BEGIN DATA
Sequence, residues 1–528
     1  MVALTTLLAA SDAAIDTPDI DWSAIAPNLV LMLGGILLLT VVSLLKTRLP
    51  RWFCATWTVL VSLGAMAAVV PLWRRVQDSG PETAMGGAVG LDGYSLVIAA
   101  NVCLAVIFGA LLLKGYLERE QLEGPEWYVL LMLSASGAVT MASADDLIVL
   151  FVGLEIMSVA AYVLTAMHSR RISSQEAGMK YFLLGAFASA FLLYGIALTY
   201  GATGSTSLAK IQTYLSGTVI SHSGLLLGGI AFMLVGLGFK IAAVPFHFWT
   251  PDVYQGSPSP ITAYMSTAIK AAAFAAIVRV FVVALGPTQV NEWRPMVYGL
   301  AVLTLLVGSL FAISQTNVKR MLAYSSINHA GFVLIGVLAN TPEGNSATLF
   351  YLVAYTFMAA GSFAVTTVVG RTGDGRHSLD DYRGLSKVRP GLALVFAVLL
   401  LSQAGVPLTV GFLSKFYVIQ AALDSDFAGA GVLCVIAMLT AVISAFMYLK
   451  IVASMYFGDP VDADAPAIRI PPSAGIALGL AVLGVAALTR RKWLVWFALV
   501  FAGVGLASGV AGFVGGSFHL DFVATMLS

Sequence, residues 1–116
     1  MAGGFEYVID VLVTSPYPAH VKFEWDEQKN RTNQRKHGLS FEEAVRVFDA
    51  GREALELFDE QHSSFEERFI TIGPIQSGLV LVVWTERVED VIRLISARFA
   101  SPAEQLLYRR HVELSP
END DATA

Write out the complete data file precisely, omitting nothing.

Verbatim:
Sequence, residues 1–528
     1  MVALTTLLAA SDAAIDTPDI DWSAIAPNLV LMLGGILLLT VVSLLKTRLP
    51  RWFCATWTVL VSLGAMAAVV PLWRRVQDSG PETAMGGAVG LDGYSLVIAA
   101  NVCLAVIFGA LLLKGYLERE QLEGPEWYVL LMLSASGAVT MASADDLIVL
   151  FVGLEIMSVA AYVLTAMHSR RISSQEAGMK YFLLGAFASA FLLYGIALTY
   201  GATGSTSLAK IQTYLSGTVI SHSGLLLGGI AFMLVGLGFK IAAVPFHFWT
   251  PDVYQGSPSP ITAYMSTAIK AAAFAAIVRV FVVALGPTQV NEWRPMVYGL
   301  AVLTLLVGSL FAISQTNVKR MLAYSSINHA GFVLIGVLAN TPEGNSATLF
   351  YLVAYTFMAA GSFAVTTVVG RTGDGRHSLD DYRGLSKVRP GLALVFAVLL
   401  LSQAGVPLTV GFLSKFYVIQ AALDSDFAGA GVLCVIAMLT AVISAFMYLK
   451  IVASMYFGDP VDADAPAIRI PPSAGIALGL AVLGVAALTR RKWLVWFALV
   501  FAGVGLASGV AGFVGGSFHL DFVATMLS

Sequence, residues 1–116
     1  MAGGFEYVID VLVTSPYPAH VKFEWDEQKN RTNQRKHGLS FEEAVRVFDA
    51  GREALELFDE QHSSFEERFI TIGPIQSGLV LVVWTERVED VIRLISARFA
   101  SPAEQLLYRR HVELSP